Updated on August 23, 2015
Feeling a little Rusty?
We’ve been known to steal things from New Zealand on occasion—Russell Crowe, Pavlova, Phar Lap. It’s not like we’ve never given anything back. After all, we let them use David Wenham in Lord of the Rings. But now we’ve given New Zealand back a far greater gift to make up for it all—the honour of being the inspiration for the one-off brew, Rusty Crowe’s Pavlova Pale Ale.
It’s the brainchild of a bar, a blog, and a brewery. Or rather, the people behind them. I don’t know the origin story, but I do know that the folk from The Scratch, 250 Beers, and Newstead Brewing Co got together one day to peel kiwifruit, scoop passionfruit, and chop strawberry. They added Riwaka hops (also from NZ) and yeast and beer magic (I like to think they did some kind of ritual dance around the fermenting tank), and out came the Rusty, sitting comfortably at 6.1% ABV.
Like the kindly people they are, they didn’t keep the beer to themselves. They took it to the Beervana beer festival in Wellington, New Zealand, where they won the Media Brew award. (And this even though they thought it didn’t taste as good there as it did back home!)
After Beervana, there were 3 kegs left. One of them for The Scratch. One of them for Newstead Brewing Co. And one to be locked up in a time capsule so that the people of 2115 know that the people of 2015 made great beer. (That last one is a lie. I don’t know where the final keg is for.)
And on Friday, I saw The Scratch post on Instagram that they were tapping their keg. So I walked over to give it a shot.
It was a clear light golden colour, with little head. There was strawberry and huge passionfruit on the nose. From my first sip, there was nothing overpowering, none of that ridiculous novelty beer-ruining sweetness of many fruit beers. Rather, it had all those weird and wonderful aromas and complex flavours you get in a really bright fruity IPA, with some slight bitterness at the last. One of the beer’s fathers, Darren from 250 Beers, had told me that they added oats to make it creamy, but I didn’t pick up any of the creaminess. In fact, almost the opposite—I found it to be quite crisp and palate-cleansing. I’d been expecting pavlova-like creaminess, but I can honestly say I wasn’t disappointed. It was a fine brew.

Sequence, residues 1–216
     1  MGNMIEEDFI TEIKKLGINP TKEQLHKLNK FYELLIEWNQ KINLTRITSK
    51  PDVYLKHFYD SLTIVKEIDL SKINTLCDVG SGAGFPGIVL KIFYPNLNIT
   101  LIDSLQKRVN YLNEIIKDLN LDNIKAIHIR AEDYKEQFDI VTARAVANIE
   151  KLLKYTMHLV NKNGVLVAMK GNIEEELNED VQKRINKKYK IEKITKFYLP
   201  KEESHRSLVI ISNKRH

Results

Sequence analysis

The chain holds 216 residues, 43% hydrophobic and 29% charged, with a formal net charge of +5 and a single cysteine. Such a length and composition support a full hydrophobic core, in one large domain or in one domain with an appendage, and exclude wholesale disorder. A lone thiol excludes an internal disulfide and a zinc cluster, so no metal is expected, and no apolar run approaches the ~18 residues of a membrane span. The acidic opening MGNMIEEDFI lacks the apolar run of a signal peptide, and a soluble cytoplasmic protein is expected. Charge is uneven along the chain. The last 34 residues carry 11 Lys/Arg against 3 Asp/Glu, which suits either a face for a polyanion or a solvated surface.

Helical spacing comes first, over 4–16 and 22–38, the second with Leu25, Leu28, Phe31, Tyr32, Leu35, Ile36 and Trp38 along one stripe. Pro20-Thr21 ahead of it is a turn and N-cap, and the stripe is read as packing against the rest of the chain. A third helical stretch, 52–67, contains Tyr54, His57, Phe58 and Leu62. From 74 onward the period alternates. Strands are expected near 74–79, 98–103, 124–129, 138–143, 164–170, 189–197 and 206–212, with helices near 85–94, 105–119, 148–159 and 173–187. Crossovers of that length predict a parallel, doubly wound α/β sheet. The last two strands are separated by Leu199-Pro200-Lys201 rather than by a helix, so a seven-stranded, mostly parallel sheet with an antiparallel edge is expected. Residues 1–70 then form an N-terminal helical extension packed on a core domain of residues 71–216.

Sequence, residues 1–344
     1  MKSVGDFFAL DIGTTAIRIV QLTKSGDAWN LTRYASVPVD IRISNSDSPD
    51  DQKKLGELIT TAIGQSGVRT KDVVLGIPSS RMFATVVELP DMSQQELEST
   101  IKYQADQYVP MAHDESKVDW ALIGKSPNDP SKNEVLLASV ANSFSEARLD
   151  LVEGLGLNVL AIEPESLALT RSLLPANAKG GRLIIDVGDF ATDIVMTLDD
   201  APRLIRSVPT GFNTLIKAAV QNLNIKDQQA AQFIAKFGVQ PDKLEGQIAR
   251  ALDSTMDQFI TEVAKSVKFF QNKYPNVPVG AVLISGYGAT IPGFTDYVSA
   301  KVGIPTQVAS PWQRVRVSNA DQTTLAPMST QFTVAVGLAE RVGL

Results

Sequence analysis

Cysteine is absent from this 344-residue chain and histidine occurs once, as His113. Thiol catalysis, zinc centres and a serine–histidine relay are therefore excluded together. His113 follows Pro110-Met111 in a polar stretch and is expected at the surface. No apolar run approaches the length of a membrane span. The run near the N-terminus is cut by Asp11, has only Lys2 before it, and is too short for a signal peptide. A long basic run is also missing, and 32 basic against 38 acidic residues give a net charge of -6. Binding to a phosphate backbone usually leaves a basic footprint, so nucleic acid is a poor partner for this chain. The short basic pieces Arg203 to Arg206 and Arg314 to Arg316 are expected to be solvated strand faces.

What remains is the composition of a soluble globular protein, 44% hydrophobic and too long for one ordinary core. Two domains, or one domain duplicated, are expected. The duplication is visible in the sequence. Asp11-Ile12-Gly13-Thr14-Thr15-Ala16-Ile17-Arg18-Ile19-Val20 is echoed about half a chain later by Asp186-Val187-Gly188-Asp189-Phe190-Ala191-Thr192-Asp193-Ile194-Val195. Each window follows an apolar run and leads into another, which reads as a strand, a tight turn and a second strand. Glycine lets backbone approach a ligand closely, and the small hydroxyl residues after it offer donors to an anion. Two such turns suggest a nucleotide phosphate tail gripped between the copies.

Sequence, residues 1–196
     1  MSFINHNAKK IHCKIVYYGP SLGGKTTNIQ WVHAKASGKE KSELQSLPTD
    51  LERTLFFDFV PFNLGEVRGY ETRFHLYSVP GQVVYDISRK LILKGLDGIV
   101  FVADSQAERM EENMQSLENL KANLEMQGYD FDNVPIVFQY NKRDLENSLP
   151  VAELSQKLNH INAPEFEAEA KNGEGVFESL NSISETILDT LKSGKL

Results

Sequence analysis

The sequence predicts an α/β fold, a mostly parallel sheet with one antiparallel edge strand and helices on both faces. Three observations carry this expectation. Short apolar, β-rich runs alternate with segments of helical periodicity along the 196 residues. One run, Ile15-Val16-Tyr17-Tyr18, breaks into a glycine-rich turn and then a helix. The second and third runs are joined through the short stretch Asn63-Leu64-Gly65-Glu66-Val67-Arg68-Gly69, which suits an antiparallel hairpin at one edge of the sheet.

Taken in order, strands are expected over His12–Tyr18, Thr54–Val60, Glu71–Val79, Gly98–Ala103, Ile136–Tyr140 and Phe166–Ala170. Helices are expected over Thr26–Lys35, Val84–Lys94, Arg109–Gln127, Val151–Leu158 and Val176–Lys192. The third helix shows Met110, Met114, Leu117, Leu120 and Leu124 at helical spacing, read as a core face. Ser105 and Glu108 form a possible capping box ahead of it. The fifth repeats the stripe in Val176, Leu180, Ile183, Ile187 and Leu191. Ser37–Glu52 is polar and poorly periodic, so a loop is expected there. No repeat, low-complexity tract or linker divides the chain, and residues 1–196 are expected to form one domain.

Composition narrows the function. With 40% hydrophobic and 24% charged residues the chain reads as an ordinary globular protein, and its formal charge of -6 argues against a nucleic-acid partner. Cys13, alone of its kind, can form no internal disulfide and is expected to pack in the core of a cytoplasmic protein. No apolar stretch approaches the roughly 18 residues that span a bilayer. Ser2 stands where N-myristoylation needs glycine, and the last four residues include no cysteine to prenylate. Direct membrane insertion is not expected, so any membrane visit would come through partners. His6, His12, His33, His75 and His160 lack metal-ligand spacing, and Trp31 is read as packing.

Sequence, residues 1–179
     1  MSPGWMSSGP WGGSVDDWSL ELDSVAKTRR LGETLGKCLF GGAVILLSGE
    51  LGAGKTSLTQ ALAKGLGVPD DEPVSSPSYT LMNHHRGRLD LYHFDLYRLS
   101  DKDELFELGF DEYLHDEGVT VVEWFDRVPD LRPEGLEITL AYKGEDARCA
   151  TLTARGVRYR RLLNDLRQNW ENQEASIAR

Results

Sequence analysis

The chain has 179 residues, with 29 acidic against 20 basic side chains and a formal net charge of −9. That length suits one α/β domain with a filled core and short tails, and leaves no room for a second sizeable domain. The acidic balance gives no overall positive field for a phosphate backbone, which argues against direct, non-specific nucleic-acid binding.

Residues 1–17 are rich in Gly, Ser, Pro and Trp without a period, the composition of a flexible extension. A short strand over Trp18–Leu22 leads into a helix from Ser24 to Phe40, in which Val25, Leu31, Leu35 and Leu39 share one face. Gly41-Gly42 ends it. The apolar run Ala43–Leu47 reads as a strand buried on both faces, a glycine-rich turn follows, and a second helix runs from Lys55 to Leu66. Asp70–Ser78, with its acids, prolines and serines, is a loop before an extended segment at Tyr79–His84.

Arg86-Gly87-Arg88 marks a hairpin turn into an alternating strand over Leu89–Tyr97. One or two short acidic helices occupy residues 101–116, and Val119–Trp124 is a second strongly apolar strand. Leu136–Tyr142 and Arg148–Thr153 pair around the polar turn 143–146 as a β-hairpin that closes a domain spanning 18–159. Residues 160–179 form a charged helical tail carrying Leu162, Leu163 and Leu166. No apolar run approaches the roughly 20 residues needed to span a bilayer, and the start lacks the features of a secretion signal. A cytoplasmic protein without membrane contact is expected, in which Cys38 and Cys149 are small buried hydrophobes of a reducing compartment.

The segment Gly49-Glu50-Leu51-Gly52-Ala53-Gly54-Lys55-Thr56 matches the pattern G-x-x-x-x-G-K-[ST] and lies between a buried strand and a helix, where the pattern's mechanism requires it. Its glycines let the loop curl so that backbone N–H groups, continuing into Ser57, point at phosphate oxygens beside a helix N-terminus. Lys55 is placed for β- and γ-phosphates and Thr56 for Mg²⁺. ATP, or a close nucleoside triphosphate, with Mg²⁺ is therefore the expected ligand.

The entire keg was gone in a few hours. Word travels quickly, and award-winning beers don’t last long. But Rusty’s memory will live on.
P.S. For an insider perspective and pics of the brewing day, see this post by 250 Beers.
P.P.S. While I was sipping my Rusty, there was a guy sitting at the bar with a bunch of flowers next to him. I like to think he bought the flowers pre-emptively for when he got home and his wife was annoyed that he stayed late at the bar.